One embodiment of the present system is shown schematically in FIG. 1 of the drawings. So called dirty fluids are circulated from the well which is being drilled into a choke manifold system 11. These dirty fluids are made up of fresh water or brine drilling fluids, drill cuttings, and produced hydrocarbons from formations penetrated by the drilling operation. In normal drilling operations, formation fluids are prevented from producing into the borehole of the well by the density of the drilling fluid being circulated into the wellbore, by the hydrostatic head, and by pump pressure. By adding solids to the drilling fluid and taking into consideration the depth of the formation and the resulting head of the drilling fluids, these factors affecting density and weight of the drill column are arranged to provide a positive pressure against excepted formation pressure to provide a balanced system. In the present drilling process, the drilling fluids are purposefully unbalanced to develop The Austin Chalk formation, represents one area where horizontal drilling is used to simultaneously drill and produce formations. The produced fluids are hydrocarbons of approximately 30° API crude, salt water, and natural gas. The gas from these formation fluids may be also separated and sold in addition to the liquid hydrocarbons that are produced during the drilling operation. These so-called dirty fluids are passed through the choke manifold 11 to a gas buster, two-phase separator 12. Since the well is being drilled underbalanced, the separator 12 is used to hold a back pressure on the wellbore annulus to control the formation pressure in the well being drilled. The formation pressure can vary over a wide range but in the Austin Chalk field such pressure typically ranges from 3000 to 5000 psi. At the surface, typical pressure at the choke manifold might be 400 to 500 psi. However, under some conditions pressure at the surface can range up to 1500 or 2000 psi, such as when the drilling fluids are being lost into the formation and the annulus is void of drilling fluids.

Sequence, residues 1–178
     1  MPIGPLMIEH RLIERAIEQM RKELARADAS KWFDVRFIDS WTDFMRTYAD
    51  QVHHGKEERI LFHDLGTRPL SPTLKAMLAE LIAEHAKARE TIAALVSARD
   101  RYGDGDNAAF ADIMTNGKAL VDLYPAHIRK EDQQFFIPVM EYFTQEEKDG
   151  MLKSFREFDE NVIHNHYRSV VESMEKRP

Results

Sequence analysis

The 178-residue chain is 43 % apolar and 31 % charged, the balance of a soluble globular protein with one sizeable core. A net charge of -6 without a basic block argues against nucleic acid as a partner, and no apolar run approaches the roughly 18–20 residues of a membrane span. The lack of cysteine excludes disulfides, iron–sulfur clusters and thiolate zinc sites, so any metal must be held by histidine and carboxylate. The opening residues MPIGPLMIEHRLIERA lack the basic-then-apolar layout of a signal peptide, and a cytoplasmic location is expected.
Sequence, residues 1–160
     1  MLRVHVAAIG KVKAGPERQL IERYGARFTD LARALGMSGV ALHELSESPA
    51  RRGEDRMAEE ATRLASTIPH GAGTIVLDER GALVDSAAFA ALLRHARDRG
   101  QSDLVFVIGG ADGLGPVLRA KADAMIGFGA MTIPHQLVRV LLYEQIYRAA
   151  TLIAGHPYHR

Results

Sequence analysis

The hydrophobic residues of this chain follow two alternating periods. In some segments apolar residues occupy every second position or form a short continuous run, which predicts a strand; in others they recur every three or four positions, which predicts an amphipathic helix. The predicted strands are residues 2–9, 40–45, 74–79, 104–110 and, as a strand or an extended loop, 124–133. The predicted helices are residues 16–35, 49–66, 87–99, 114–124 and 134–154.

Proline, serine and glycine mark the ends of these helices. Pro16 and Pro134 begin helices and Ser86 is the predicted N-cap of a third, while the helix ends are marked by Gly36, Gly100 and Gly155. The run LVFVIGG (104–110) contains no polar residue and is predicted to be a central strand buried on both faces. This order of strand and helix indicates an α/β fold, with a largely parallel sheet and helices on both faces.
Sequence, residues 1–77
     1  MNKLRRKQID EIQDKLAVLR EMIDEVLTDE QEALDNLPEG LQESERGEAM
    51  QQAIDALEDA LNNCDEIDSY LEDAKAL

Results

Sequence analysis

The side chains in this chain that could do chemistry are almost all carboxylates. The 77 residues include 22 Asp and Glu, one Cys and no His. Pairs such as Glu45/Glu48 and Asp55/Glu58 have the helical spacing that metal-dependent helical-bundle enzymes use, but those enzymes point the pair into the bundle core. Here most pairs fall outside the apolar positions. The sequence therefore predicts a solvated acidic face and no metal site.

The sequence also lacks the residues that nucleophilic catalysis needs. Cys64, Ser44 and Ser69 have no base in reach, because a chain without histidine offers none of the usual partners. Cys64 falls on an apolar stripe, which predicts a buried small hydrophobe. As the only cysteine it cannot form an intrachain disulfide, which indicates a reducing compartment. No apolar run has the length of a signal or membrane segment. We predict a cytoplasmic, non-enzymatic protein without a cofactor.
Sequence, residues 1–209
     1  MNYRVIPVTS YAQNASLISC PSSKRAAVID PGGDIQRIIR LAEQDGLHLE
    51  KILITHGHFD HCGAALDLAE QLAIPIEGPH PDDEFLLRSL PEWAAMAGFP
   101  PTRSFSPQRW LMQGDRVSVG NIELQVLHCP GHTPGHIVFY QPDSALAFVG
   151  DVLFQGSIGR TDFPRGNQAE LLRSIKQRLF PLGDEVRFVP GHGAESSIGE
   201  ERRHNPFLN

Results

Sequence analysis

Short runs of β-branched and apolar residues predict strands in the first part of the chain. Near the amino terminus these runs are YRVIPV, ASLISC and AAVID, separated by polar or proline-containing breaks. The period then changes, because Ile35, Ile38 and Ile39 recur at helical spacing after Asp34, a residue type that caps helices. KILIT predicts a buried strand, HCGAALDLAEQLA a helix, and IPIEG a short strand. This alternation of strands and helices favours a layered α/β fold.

In a conventional drilling system the choke manifold 11 would be arranged to hold pressure on the formation and reduce the pressure of the drilling fluids exiting the pressured portion of the drilling fluids system at the choke. In the present system, the choke manifold 11 is generallly opened to permit formation pressure to produce the fluids therein, which fluid pressure is passed beyond the choke manifold into the separator 12. This separator 12 is typically spaced away from the drilling rig on a skid together with the choke manifold 11 and other portions of the separation equipment. Thus, in the drilling operation described herein, the pressure from the well being drilled is partially passed into the separator 12 which then serves as the choke on the system. These separator vessels may therefore be capable of withstanding relatively higher pressures such as the ANSI class 600 vessels which will accommodate pressures up to 1480 psi. In the separator 12, most of the gas is liberated from the fluids, which gas can be flared or passed to a gas receiving system for subsequent disposal or sales through the line 9. Also in the separator 12, solids which may be in the from of a fine paste of drill cuttings, such as when driling in chalk, may gravity separate from the fluids to the bottom of the separator. The bottom of the separator 12 is periodally drained through line 8 to allow the solids to pass to a pit or the like for recovery and disposal of these soild fines. A valve 7 permits the line 8 to be opened or closed to flow. A level control 13 near the bottom of the separator 12 opens and closes the valves 14 and 15 which are manual and automated valves respectively to maintain a liquid in the separator 12 to keep gas above the lower level of the separator and thus prevent gas, as much as possible, from moving out into the remainder of the separator system. If the liquid level of separator 12 should fall below a desired level, the liquid level control 13 will close the valves 14 or 15 to permit a buildup of fluids within the separator 12 and thereby keep the gas level at a sufficiently high position in the separator.